Distance Today 9.0 mi
- Distance Camino 2017 458.8 mi
Pilgrims, pilgrims everywhere! The Camino was like a freeway today, populated mostly by tourists and daypackers, but we didn’t see them. We focused on our journey, greeted everyone as if they, like we, had walked over 450 miles to get here, and enjoyed the small villages, the forests, the canopied pathways and the narrow roads winding their way through the picturesque farms in between.
Jim had a nice chat with a Norwegian couple when we stopped for OJ at Mato-Casanova (pop.8) and they continued a conversation about Jim’s thoughts about the Camino for a while when they caught up to us later as we walked past O Coto (and passing from the region of Lugo to A Coruña). He was a writer and asked if he could include his conversation with Jim in a future article to which Jim agreed. Jim also gave him information on our blog.
We stopped in Furelos (pop. 135)
for lunch to avoid the masses and then walked into Melide to our hotel, Pension Orois (36€).
Jim has been nursing a blister on the tip of his toe and his boots are not cooperating. So yesterday he tried walking in his sandals (Ecco) for the first time for the short 3 mile walk with success. So today he tried them again for the 9 mile walk and again, gave the toe a break from rubbing against the inside of the boot. After over 750 miles walking the Camino since 2012, we discovered you can teach an old dog new tricks!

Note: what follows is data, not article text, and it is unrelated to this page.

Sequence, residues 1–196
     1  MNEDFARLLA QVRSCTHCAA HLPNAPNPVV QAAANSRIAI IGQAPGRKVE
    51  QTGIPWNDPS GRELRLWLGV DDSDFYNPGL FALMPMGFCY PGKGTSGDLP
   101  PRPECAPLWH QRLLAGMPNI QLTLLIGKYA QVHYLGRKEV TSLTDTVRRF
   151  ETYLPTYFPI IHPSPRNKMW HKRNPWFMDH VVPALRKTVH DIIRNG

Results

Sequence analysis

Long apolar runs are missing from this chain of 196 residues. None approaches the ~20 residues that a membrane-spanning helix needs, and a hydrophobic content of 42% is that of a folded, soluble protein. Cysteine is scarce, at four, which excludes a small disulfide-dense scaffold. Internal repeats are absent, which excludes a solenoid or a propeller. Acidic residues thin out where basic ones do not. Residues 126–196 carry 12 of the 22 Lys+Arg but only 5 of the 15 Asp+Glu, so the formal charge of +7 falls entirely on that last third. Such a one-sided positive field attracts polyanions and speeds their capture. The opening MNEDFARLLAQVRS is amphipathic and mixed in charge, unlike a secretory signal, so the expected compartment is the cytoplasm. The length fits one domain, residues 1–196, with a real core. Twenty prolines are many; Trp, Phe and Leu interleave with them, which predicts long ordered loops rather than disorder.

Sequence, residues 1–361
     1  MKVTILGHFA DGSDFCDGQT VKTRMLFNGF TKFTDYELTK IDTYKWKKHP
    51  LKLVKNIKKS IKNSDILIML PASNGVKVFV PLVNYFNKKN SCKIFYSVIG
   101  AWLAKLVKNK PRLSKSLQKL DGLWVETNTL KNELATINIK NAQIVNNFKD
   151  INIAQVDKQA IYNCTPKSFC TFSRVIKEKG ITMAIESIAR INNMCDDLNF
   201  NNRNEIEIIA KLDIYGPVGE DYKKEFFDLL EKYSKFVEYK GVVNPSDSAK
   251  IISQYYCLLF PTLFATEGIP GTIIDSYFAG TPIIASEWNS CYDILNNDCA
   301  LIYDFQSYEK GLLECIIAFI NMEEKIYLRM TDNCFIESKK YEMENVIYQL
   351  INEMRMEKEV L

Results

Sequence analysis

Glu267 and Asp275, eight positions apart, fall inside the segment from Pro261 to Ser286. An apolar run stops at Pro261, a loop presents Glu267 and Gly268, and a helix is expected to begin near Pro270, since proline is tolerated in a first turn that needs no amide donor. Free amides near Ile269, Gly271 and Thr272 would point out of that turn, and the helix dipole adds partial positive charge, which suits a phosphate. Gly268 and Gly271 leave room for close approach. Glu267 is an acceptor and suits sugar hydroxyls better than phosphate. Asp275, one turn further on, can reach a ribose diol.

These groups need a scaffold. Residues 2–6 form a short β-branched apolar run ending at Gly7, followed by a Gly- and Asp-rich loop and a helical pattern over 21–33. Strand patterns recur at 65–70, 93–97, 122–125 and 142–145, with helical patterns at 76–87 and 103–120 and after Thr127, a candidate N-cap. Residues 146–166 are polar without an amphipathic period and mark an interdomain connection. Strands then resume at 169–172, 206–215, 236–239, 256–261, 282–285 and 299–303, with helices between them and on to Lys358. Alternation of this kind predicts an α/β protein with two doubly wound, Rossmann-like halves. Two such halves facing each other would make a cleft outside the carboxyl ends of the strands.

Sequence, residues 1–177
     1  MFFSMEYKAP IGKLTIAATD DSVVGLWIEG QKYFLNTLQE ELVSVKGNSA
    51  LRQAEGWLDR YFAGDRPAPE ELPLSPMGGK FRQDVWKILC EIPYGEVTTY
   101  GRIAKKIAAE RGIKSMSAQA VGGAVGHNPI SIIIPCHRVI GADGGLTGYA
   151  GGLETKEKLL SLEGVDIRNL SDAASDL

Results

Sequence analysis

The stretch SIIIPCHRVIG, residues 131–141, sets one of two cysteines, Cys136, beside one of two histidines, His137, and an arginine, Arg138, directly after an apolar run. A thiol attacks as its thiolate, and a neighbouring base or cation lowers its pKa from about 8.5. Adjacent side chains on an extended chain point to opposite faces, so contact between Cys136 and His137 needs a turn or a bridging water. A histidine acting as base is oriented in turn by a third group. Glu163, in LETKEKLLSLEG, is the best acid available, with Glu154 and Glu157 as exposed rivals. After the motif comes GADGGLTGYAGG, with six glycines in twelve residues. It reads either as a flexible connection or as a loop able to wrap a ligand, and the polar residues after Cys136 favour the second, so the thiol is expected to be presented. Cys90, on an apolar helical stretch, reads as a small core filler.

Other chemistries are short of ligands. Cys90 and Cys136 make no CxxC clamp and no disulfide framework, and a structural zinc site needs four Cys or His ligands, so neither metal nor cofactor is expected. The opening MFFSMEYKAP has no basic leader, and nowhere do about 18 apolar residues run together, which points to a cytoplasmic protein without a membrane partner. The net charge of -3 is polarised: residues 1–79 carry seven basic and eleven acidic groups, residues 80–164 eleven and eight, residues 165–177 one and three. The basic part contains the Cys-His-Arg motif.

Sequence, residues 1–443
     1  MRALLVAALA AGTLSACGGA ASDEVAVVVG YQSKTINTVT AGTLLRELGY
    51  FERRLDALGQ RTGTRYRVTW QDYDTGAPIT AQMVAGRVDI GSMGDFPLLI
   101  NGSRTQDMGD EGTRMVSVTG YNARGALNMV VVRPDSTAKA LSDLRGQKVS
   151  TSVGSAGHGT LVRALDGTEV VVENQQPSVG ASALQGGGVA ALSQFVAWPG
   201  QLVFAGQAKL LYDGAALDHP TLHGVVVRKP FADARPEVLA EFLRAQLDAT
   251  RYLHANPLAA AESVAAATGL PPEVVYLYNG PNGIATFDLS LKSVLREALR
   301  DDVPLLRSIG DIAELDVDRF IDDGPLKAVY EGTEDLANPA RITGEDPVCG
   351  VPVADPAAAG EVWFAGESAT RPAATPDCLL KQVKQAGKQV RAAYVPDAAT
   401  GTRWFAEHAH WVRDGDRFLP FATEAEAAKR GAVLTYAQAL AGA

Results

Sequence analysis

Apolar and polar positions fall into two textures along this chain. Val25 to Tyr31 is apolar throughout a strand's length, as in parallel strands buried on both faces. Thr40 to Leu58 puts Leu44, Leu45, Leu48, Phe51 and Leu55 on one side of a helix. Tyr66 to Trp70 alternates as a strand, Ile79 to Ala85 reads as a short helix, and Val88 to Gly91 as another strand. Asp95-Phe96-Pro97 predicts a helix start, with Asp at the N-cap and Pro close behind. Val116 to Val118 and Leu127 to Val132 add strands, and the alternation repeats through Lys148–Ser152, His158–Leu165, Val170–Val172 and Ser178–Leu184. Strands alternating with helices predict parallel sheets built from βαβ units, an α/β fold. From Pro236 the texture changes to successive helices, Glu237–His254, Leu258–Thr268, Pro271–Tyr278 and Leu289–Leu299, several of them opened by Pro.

We rested most of the afternoon and then devoted 45 minutes on the phone, mostly on hold, with American Airlines to change our flight home from Oct16 to Oct10, as we are going to arrive in Santiago sooner than our original plan.
We then walked a few blocks to have dinner. On the way we stopped at Iglesia de San Roque which was rebuilt using a 14th century facade and a 14th century stone cross just outside. It was closed, so we couldn’t see the inside.
An older French pilgrim cyclist who had traveled from Le Puy en Velay, France asked Linda to take his photo in front of San Roque, which she did, gladly.
The area around Melide contains Neolithic dolmens and prehistoric castrum, suggesting that the area was well settled in prehistoric times. The town became a transportation and commerce hub in the Middle Ages, with four large pilgrim hospitals. ￼ Also, the northern Camino Primativo joins the Camino Francés route in Melide.
Because Melide is, today, well known for its Pulpo á la Gallega, (boiled octopus served with olive oil & paprika), we then walked to the nearby Pulperia A Garnacha, where we had pulpo (boiled octopus), pimentos (roasted baby pablano peppers) and a tortilla (Spanish omelette)… and Mencía wine.
It was muy bueno! And for dessert, Jim had helado (ice cream) and yes, Linda finally got some delicious homemade RICE PUDDING!
A great finish to a delightful day on the Camino Frances.